June 30, 2012
Reading Response 4 – Manuel Munoz, “Leave Your Name at the Border” (71-75). In “Leave Your Name at the Border” Manuel Munoz states that he is a Mexican American living in a small California town. Growing up, he and his peers spoke English at school and Spanish at home. Munoz writes about how American names are becoming more popular among immigrant Mexicans. RR4 Munoz Page 2 Response
In “Leave Your Name at the Border,” Manuel Munoz describes how people today "leave their name at the border" which means they change their name and assimilate a new culture. Many people have changed their Spanish names to English names, not to give in to society, but to try and feel included by having an English name. I believe assimilation is different from giving in, because to me assimilation means to absorb information and ideas from a different culture. When people assimilate to a new culture they are not giving in, they are just trying to feel "included" in to the society; they may change some of their ways to feel included. For example Munoz explains how people change their Spanish names to English names or parents give their children English names, they do this because it is easier for that person to have an English name in America rather than having a Spanish name which some people wouldn't be able to pronounce. Munoz makes an interesting statement, "It's intriguing to watch "American" names begin to dominate among my nieces and nephews and second cousins, as well as with the children of my hometown"(72). Works Cited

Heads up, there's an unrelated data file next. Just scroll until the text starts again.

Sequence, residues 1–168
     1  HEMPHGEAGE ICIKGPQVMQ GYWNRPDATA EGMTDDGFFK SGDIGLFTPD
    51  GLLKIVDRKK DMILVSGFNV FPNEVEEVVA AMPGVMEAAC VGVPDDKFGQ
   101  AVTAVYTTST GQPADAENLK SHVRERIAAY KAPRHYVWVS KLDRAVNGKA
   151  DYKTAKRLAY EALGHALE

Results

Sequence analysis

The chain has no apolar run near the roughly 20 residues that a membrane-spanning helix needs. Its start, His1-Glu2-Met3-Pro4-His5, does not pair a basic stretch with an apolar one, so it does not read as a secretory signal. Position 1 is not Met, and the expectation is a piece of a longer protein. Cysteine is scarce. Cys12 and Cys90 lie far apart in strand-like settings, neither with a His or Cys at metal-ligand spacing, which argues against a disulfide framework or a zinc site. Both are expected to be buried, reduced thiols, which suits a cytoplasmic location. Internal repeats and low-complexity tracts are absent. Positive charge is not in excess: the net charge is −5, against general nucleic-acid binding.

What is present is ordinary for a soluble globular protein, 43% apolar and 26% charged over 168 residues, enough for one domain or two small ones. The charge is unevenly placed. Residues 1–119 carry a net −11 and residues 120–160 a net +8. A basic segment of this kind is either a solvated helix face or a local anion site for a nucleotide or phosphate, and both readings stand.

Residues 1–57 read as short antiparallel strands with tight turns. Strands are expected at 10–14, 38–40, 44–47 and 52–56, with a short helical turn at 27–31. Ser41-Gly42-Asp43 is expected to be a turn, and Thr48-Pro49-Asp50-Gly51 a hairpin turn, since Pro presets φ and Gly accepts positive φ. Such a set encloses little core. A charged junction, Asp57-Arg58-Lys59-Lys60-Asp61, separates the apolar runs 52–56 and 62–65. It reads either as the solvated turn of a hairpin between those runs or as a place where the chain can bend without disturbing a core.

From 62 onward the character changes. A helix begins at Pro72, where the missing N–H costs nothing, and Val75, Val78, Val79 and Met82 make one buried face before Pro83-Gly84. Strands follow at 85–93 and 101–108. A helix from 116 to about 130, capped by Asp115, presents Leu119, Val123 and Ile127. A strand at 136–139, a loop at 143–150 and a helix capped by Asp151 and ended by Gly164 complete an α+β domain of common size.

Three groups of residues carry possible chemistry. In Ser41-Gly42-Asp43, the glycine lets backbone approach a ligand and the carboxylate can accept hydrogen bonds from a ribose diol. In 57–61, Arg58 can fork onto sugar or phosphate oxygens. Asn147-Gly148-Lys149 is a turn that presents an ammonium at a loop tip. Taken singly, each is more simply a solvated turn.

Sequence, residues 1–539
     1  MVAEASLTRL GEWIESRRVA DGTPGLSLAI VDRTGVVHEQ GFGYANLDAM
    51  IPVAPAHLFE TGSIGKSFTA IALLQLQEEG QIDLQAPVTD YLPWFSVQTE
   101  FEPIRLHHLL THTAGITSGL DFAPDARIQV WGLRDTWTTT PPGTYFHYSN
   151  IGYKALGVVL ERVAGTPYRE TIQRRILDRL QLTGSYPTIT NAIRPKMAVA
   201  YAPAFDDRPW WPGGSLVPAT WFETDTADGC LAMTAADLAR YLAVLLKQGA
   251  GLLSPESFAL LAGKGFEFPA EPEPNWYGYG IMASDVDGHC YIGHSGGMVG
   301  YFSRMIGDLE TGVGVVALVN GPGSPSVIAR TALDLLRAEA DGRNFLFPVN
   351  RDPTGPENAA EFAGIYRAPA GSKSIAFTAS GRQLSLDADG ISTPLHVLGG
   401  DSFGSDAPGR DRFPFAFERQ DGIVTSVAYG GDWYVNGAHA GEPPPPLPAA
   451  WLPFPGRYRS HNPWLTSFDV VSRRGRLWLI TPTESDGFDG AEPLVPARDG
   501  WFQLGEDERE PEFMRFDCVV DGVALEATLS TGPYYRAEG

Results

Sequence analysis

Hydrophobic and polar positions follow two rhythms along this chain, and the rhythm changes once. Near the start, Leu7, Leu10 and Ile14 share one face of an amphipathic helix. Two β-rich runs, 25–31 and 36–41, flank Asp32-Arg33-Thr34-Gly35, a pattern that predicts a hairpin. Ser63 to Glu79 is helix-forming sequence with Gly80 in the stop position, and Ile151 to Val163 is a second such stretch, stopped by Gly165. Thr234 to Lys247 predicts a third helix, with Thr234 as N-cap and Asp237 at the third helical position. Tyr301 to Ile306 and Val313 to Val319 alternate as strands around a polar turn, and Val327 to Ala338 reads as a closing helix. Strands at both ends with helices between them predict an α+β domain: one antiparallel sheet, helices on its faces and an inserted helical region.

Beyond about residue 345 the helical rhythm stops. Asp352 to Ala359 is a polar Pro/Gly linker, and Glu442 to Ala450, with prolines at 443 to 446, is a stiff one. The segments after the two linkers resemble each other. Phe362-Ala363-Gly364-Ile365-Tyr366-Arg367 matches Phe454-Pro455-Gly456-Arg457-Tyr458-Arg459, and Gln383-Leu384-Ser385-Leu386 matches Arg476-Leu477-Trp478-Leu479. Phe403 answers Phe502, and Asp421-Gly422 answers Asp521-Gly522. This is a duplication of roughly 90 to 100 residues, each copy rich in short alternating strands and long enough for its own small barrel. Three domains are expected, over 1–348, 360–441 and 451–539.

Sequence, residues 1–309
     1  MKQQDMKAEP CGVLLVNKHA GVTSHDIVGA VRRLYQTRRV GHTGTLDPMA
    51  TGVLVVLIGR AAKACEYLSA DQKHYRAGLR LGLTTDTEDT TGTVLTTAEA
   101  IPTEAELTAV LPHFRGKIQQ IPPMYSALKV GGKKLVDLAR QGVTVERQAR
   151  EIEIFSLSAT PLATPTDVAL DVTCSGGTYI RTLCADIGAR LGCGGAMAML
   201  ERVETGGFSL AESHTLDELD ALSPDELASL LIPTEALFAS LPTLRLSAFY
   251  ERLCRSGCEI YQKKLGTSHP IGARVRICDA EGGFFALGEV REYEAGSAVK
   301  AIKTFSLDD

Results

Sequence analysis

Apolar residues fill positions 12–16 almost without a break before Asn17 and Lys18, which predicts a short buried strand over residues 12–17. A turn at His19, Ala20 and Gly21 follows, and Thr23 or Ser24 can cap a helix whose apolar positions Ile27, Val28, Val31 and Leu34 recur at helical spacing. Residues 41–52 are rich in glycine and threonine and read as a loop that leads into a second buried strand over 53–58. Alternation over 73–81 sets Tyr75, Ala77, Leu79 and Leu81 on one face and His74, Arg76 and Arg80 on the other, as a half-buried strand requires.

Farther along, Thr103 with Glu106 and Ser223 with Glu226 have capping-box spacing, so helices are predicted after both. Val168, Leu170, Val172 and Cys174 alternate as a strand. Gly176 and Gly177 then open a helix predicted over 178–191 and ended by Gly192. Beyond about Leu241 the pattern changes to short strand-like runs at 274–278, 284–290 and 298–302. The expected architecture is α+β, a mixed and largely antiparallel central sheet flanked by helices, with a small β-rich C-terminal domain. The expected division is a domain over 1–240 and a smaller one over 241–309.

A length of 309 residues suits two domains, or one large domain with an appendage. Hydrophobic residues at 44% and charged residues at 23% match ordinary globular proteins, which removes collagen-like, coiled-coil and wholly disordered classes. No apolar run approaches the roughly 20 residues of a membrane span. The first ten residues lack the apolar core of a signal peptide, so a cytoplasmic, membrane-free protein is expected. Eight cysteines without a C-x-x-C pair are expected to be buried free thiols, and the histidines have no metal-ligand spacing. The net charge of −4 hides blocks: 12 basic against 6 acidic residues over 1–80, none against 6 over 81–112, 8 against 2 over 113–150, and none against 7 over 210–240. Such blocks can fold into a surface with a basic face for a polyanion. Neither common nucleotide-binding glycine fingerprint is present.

Munoz, Manuel. “Leave Your Name at the Border.” The McGraw-Hill Reader. Ed. Gilbert H. Muller. 11th Ed. Boston: McGraw-Hill Learning Solutions, 2011. 71-75. Print.
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